CHARLOTTE — Keith Lamont Scott was well-known in the neighborhood, a fixture in the after-school hours who sat in his truck, passing time reading while waiting for his son to step off the bus, according to local residents.
The first time Justin Petty noticed the man sitting in his truck with a book, the sight struck him as odd, but he soon realized Scott’s reading was a daily habit.
Scott, the 43-year-old father of seven who was recently injured in a motorcycle accident, was waiting each day for his son to be dropped off from school.
The last time Petty saw Scott, he lay on the pavement, convulsing in his last moments of life.
Four shots had rung out in the neighborhood from the lot just below Petty’s second-floor apartment, loud enough that they sounded as if they had been fired in the hallway.
Outside, Petty’s truck was blocked in by an unmarked minivan and an older Ford Explorer, said Petty and his roommate Kendall Reynolds, both students at nearby University of North Carolina at Charlotte.
Reynolds had seen the Explorer before, and believed police were trying with little success to serve a warrant.
“He was sitting in his truck like he does all the time. He’s always waiting on his kid,” said Frederick Coleman, who said he’s lived in the complex for about a year and had become friendly with Scott. “This man was no thug. He lives right here. Since when can you not sit where you live and wait for your child? ”
The neighbors' accounts of the tragic turn of events Tuesday afternoon is at odds with the police version. Charlotte-Mecklenburg Police Chief Kerr Putney flatly rejected claims that Scott was holding a book, not a gun. Putney saids detectives recorded the firearm at the scene but found no book.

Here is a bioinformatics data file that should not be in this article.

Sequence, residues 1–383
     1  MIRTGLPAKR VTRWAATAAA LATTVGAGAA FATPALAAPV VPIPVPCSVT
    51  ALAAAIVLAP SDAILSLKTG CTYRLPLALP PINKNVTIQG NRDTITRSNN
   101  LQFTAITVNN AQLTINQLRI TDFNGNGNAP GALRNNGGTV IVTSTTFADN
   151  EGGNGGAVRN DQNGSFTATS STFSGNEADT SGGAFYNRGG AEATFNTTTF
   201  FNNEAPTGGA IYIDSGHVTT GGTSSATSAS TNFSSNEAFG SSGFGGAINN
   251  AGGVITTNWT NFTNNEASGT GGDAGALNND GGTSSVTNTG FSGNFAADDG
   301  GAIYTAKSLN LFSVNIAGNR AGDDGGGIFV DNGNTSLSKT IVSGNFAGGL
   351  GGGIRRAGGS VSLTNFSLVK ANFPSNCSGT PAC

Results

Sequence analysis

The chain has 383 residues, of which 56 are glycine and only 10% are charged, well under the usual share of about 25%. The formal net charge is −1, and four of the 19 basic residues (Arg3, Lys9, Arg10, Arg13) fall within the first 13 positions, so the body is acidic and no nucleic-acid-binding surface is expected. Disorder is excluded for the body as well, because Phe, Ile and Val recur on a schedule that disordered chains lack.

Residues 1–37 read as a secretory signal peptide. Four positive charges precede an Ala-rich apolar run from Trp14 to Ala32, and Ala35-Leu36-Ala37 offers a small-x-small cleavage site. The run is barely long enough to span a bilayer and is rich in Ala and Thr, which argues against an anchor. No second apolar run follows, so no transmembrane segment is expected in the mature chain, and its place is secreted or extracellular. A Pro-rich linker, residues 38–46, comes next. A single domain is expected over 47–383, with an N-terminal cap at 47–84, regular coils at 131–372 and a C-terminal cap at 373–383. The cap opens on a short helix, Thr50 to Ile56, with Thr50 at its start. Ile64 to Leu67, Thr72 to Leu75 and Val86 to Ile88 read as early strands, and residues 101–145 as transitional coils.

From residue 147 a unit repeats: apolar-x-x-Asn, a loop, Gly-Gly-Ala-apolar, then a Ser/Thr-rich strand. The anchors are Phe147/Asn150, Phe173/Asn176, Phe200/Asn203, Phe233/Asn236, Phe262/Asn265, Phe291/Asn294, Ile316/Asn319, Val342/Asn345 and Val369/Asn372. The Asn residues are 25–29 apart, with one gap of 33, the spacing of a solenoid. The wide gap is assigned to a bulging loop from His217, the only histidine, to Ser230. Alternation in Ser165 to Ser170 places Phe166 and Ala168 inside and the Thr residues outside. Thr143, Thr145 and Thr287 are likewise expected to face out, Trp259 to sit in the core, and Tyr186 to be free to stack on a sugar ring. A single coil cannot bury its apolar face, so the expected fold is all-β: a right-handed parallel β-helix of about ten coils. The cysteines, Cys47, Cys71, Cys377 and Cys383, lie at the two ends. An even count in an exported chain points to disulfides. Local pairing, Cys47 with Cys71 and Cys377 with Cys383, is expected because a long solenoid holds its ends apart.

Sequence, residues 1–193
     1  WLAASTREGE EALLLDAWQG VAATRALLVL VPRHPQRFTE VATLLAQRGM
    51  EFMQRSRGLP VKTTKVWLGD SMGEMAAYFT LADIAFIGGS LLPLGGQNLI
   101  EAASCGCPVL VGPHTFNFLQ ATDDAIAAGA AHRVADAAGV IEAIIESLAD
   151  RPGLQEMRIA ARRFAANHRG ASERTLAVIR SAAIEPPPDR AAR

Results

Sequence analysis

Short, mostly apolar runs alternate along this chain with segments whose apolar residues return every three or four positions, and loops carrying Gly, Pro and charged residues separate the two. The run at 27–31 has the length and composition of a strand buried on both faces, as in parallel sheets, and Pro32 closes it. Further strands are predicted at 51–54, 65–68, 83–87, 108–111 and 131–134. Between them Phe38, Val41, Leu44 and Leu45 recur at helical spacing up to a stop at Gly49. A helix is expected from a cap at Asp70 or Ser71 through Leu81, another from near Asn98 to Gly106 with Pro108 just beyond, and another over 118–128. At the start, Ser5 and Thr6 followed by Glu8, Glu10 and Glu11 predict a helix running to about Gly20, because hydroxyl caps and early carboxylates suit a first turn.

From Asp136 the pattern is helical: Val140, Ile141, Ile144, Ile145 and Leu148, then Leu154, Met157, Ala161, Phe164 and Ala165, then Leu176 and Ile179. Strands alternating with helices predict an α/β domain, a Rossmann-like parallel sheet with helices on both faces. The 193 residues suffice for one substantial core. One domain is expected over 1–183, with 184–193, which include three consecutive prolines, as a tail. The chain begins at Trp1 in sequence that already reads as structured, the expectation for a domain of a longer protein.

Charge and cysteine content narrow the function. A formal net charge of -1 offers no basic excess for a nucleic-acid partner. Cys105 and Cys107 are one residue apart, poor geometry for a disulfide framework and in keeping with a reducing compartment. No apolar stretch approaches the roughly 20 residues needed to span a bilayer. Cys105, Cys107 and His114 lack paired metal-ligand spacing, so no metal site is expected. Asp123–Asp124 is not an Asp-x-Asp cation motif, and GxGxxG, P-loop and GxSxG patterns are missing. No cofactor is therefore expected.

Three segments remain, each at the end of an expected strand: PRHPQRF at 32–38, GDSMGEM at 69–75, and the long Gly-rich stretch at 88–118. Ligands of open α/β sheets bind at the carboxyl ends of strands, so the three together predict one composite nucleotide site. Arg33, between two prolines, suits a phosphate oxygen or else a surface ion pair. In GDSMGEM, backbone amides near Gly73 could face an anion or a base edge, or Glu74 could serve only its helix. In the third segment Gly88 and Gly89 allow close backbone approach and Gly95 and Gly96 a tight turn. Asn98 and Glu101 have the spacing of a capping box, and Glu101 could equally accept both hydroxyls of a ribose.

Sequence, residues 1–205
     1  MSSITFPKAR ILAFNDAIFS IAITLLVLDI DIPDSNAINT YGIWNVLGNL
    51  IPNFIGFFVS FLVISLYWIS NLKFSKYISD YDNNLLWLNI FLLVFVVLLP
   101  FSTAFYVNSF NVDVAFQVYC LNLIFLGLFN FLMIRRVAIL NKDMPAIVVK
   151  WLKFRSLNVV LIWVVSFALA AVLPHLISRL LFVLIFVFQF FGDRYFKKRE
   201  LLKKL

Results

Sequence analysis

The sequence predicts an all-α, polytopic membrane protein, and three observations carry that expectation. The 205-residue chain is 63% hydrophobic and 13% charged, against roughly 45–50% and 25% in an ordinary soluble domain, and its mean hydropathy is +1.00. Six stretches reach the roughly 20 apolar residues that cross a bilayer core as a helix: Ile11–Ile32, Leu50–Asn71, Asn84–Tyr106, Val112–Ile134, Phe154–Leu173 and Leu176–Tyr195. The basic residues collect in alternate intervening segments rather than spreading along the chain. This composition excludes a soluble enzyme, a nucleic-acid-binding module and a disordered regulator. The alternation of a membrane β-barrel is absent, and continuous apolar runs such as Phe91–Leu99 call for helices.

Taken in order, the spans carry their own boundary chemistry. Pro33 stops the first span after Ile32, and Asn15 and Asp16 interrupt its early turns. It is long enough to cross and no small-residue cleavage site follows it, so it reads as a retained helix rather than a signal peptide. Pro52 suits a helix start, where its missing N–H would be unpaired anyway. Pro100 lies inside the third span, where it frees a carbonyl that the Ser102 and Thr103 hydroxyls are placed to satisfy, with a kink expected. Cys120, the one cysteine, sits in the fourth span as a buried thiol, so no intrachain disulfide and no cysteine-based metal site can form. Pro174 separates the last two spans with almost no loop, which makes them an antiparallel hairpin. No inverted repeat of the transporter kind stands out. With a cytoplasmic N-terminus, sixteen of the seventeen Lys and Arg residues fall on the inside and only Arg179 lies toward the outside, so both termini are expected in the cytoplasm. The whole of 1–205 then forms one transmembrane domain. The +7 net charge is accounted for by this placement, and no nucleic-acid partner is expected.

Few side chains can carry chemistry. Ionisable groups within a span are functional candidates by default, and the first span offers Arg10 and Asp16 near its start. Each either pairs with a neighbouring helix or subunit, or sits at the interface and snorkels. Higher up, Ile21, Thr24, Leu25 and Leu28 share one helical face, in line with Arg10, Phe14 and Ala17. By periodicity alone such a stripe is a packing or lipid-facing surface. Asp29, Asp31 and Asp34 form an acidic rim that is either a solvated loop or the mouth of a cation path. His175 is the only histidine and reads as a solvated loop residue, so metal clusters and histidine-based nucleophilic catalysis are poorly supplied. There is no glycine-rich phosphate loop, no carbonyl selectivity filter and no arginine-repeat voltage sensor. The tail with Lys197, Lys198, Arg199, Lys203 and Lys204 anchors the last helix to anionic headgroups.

“It’s time to change the narrative, because I can tell you from the facts that the story’s a little bit different as to how it’s been portrayed so far, especially through social media,” Putney told reporters Wednesday.
Like many local residents, Coleman is, in turn, skeptical of the police account of events. He said he watched as one officer directed another to “get the gun.”
Scott was rolled over and stripped to his boxers, he said, but police did not perform life-saving measures.
On Wednesday afternoon, some residents of the apartment complex revisited the scene of the shooting, where white carnations now lay amid the orange spray paint markings of the police investigators.
People from outside the complex were also drawn to the scene, including Calvin Bennett of Columbia, S.C.
“You have a child coming off the bus and goes to meet daddy, but doesn’t know what to do because daddy’s dead,” Bennett said. “Think about that image for a minute. America should be outraged.”
“We get killed in church. We get killed when we comply. We get killed when we hold our hands up. We get killed when we wait for our children. What more can we do?” said Bennett, his tone sure and his words direct.
Asked if he is an activist, Bennett’s tone softened. He is not. He keeps up with the shootings of black people and has gotten an education he wish he did not need.
“The black community has this conversation every day,” he said, quietly. “We have this same conversation over and over and over.”
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